Physician Burnout – Is This a “Doom Loop” Problem?

Burnout continues to be a pervasive issue among physicians. The annual Lifestyle Report by Medscape focuses on physician responses to an extensive survey about burnout and depression. How prevalent are these factors, how do they affect physicians’ lives, and how does this affect the quality of health care?  This article, by Carol Peckham in the January 17, 2018 issue of Medscape provides details. You can access the survey article by clicking HERE.

Is this a “Doom Loop” problem? Attitude and behavioral change occurs over time when an individual is in the same job and performs essentially the same tasks over and over again for an extended period of time. Read about how this happens by clicking HERE to go to the Doom Loop site.

Behavioral Weight Loss Interventions to Prevent Obesity-Related Morbidity and Mortality in Adults

Interesting article in the September 18, 2018 issue of the Journal of the American Medical Association (JAMA) publication.

More than 35% of men and 40% of women in the United States are obese. Obesity is associated with health problems such as increased risk for coronary heart disease, type 2 diabetes, various types of cancer, gallstones, and disability. Obesity is also associated with an increased risk for death, particularly among adults younger than 65 years.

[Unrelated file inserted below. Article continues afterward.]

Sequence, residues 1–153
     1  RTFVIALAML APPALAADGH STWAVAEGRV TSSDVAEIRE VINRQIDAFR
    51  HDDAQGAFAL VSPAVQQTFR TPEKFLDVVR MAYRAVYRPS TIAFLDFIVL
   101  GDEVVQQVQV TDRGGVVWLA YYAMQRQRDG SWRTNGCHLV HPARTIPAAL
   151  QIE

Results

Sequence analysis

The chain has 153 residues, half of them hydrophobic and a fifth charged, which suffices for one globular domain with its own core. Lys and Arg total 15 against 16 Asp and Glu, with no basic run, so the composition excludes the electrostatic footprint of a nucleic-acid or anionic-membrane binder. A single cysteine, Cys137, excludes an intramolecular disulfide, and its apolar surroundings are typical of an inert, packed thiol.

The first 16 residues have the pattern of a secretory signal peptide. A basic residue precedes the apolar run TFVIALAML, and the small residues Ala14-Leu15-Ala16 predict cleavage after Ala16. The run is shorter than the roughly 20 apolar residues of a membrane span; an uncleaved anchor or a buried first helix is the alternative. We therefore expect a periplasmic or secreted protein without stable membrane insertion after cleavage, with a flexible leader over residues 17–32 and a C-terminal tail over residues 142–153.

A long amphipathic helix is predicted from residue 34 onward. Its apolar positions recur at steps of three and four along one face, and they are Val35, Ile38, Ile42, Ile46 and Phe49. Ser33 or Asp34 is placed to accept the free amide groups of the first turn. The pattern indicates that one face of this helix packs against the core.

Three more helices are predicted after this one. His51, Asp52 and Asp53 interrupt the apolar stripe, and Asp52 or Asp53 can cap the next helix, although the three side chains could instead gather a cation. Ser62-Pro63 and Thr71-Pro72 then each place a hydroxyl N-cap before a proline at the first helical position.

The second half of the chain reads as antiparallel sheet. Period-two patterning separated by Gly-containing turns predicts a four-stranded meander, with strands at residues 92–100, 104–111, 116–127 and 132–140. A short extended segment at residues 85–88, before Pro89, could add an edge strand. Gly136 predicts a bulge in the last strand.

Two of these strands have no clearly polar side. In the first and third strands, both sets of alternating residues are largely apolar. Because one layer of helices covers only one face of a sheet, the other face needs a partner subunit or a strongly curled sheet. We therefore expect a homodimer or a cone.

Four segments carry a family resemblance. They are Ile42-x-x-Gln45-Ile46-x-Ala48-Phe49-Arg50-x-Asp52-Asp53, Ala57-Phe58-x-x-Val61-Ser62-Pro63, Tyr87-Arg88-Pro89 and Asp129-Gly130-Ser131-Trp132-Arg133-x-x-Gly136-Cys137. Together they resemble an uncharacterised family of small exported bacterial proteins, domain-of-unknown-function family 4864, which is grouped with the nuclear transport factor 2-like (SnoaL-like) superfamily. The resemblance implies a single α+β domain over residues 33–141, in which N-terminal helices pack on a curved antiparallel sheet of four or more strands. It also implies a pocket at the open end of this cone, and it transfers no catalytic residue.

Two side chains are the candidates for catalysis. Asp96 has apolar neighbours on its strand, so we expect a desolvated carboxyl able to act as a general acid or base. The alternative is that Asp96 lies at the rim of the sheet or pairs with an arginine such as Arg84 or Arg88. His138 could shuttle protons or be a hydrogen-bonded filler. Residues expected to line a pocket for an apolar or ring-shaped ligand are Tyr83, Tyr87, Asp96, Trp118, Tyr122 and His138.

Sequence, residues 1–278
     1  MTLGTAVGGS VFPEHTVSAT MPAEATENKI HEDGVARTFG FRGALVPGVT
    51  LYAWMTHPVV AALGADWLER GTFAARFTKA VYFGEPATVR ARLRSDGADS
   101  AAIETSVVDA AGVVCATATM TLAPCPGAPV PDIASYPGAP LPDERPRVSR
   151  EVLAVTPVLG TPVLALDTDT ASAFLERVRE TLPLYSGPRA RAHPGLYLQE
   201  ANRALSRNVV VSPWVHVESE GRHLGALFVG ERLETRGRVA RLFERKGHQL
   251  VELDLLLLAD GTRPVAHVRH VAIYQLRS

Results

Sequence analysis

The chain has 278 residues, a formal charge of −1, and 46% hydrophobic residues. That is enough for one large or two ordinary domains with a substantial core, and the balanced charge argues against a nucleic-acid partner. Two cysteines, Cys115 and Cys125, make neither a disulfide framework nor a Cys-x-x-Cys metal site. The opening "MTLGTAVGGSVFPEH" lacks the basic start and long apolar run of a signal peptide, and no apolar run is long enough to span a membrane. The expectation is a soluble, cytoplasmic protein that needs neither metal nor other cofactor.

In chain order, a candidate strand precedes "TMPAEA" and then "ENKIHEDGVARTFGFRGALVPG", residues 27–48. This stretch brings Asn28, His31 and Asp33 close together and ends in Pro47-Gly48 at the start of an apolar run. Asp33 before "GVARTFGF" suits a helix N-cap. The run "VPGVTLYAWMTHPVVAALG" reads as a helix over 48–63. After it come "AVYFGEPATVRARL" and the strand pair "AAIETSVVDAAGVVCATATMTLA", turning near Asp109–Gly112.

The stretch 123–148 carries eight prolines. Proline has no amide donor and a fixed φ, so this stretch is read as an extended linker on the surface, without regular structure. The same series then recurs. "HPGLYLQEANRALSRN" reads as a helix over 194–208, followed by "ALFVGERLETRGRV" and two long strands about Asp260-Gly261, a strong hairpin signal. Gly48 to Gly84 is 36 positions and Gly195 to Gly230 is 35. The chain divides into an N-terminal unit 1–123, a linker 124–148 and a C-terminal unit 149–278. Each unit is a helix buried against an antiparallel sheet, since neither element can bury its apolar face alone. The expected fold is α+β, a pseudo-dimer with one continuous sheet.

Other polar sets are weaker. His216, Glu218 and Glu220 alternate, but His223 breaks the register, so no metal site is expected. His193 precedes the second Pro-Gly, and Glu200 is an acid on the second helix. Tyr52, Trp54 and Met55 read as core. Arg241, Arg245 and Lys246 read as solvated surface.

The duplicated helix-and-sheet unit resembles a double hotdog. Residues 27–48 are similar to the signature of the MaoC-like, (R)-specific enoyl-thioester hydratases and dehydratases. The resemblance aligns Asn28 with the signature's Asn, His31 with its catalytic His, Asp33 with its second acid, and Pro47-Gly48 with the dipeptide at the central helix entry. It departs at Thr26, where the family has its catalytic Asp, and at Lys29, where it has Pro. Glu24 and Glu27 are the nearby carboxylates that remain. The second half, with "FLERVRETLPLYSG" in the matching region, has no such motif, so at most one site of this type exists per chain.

The USPSTF reviewed the evidence on 4 types of interventions: behavior-based weight loss (80 trials), behavior-based weight loss maintenance (9 trials), pharmacotherapy-based weight loss (32 trials), and pharmacotherapy-based weight loss maintenance (3 trials). In the weight loss maintenance trials, patient randomization occurred after prior weight loss.

You may access the complete article by clicking HERE.

Elective Induction of Labor at Term: Has its Time Arrived?

In low-risk nulliparous women, compared with expectant management, labor induction at 39 weeks was associated with lower likelihood of cesarean delivery.

Allison Bryant, MD, MPH, reviews a study by Grobman WA et al. (N Engl J Med 2018 Aug 9) in the New England Journal of Medicine that these long-awaited data convincingly demonstrate that labor induction at 39 weeks’ gestation (in the absence of medical indications for delivery) does not result in harm, including excess risk for cesarean delivery — at least among women similar to the trial participants.

You can read Dr. Bryant’s review  by clicking HERE.

You can access the article by Dr. Grobman et al. by clicking HERE.

Reassurance About Primary Ovarian Insufficiency after Well-Adolescent Vaccination

This article by Catherine M. Gordon, MD, MSc in the New England Journal of medicine – Journal Watch addresses an important issue. In contrast to case series, this population-based epidemiologic, cohort study found no significant elevated risk of POI after receipt of common vaccines.

You can access the article by clicking HERE.